This 12th Century Teutonic Sword has a distinctive Type N boat or crescent pommel; a probable relative to the brazil nut pommel this type is depicted in a wide array of period art and sculpture, though few surviving examples remain. The Type XII blade is a long, relatively wide cutting-oriented form which was ideal for the mounted knight or man at arms of its time. Such swords were often favored at this time for both mounted combat and for striking from behind a shield in foot combat and it would have been the sword of a professional warrior who could use its long and hard-hitting blade to deliver strong and decisive cuts and chops to the foe.
The blade of this Balaur Arms example is forged from high carbon steel. The crossguard and pommel are hand-forged into form from steel and the grip is wood with a binding wrap of dark brown leather. The thick blade tang is stoutly anchored into the pommel with a robust and durable peened construction. The sword is paired with a companion scabbard of wood with a tight leather wrap and a protective steel chape.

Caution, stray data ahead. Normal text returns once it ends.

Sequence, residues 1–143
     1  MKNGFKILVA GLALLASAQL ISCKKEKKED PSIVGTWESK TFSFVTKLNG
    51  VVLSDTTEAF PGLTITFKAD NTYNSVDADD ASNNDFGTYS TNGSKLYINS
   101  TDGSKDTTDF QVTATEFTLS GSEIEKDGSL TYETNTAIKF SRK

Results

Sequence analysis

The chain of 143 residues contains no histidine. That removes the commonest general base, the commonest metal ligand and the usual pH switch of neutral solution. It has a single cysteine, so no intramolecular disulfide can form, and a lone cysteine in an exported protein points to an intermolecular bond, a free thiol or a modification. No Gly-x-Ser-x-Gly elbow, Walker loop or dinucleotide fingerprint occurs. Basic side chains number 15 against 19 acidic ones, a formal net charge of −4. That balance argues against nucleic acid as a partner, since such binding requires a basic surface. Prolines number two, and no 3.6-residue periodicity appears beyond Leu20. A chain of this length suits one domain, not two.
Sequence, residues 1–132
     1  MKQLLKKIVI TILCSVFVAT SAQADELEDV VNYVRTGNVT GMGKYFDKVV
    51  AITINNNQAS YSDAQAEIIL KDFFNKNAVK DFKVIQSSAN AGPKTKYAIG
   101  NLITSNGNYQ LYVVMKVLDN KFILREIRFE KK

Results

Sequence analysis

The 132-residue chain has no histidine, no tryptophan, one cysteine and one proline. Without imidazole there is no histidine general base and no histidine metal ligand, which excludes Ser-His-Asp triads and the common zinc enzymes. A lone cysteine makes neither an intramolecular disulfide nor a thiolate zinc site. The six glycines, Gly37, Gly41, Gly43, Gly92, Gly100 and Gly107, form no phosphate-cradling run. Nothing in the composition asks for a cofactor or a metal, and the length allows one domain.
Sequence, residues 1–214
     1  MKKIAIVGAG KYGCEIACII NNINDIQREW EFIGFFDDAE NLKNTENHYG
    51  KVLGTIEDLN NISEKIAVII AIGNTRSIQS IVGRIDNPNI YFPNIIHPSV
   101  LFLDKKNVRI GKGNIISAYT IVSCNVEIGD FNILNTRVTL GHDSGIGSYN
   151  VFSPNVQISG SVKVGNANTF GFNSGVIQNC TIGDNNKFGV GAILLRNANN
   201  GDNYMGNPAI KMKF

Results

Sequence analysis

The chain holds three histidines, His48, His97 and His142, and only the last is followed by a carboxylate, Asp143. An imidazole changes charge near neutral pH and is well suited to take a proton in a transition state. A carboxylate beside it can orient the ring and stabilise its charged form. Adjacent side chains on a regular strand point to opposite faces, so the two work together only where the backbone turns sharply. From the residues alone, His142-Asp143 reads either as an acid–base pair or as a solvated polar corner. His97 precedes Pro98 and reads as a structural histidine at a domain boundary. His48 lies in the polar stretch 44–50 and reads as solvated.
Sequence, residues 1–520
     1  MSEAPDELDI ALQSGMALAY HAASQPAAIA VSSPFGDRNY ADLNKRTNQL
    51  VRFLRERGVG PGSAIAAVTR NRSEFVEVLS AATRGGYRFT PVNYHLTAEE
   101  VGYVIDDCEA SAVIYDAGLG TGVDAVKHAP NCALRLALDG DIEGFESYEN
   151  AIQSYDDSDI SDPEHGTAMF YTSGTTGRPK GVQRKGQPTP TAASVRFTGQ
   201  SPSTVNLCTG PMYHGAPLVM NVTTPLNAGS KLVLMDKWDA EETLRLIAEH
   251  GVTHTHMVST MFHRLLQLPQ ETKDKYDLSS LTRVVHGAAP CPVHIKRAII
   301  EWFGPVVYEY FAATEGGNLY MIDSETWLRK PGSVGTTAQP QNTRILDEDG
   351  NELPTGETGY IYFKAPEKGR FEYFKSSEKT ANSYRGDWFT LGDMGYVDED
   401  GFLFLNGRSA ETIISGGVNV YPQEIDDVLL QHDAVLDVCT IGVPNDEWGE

Due to distal taper and overall weight, this sword has more finesse than its austere proportions may suggest, but it still retains enough mass in the blade for some powerful slicing and chopping power and the contoured N type pommel readily accommodates a handshake grip or even a second hand placement. When the back of the hand is placed in contact with this pommel it allows for enhanced control of the blade as the contact with the back of the hand and pommel serves together as a rudder to better control the sword. The grip can readily couch and accommodate a hand clad in mail.
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